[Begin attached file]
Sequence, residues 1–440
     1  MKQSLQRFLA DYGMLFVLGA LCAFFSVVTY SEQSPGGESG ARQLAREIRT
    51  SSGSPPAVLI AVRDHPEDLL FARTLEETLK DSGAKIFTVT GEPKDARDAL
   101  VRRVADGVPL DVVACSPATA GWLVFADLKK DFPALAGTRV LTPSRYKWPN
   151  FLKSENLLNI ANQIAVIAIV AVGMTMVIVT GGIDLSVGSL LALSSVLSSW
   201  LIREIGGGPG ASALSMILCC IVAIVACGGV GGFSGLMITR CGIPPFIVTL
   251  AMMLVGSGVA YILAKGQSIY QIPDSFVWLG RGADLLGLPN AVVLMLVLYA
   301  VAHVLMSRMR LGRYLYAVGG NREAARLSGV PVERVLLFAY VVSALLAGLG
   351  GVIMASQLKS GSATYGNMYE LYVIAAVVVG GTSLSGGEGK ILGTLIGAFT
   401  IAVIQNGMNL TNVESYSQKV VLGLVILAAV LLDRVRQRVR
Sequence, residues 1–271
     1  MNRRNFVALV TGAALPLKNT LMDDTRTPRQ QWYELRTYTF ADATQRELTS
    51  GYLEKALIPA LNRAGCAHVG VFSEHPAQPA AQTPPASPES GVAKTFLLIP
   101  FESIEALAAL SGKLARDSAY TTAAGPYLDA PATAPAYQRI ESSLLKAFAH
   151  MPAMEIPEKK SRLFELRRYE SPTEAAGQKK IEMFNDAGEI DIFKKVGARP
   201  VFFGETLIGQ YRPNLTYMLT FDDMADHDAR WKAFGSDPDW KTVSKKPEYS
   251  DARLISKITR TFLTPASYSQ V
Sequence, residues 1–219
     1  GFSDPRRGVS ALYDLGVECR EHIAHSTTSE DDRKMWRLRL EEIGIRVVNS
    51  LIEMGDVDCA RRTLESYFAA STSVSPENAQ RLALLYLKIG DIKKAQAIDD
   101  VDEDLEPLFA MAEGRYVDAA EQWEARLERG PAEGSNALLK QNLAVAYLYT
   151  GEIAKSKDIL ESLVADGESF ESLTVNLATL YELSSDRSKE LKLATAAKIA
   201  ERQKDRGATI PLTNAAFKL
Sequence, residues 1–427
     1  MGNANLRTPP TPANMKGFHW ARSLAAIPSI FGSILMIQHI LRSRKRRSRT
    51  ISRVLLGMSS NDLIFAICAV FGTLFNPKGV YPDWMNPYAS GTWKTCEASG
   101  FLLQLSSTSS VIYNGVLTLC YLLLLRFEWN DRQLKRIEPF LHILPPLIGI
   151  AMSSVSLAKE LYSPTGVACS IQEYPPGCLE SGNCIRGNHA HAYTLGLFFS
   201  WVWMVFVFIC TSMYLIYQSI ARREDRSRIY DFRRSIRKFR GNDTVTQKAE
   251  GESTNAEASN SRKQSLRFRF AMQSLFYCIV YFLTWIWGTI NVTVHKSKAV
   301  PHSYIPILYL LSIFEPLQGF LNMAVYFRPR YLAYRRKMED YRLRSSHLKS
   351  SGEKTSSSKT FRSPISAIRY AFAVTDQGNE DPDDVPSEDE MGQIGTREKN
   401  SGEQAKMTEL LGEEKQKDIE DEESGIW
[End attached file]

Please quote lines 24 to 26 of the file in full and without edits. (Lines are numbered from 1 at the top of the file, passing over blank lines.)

Sequence, residues 1–427
     1  MGNANLRTPP TPANMKGFHW ARSLAAIPSI FGSILMIQHI LRSRKRRSRT
    51  ISRVLLGMSS NDLIFAICAV FGTLFNPKGV YPDWMNPYAS GTWKTCEASG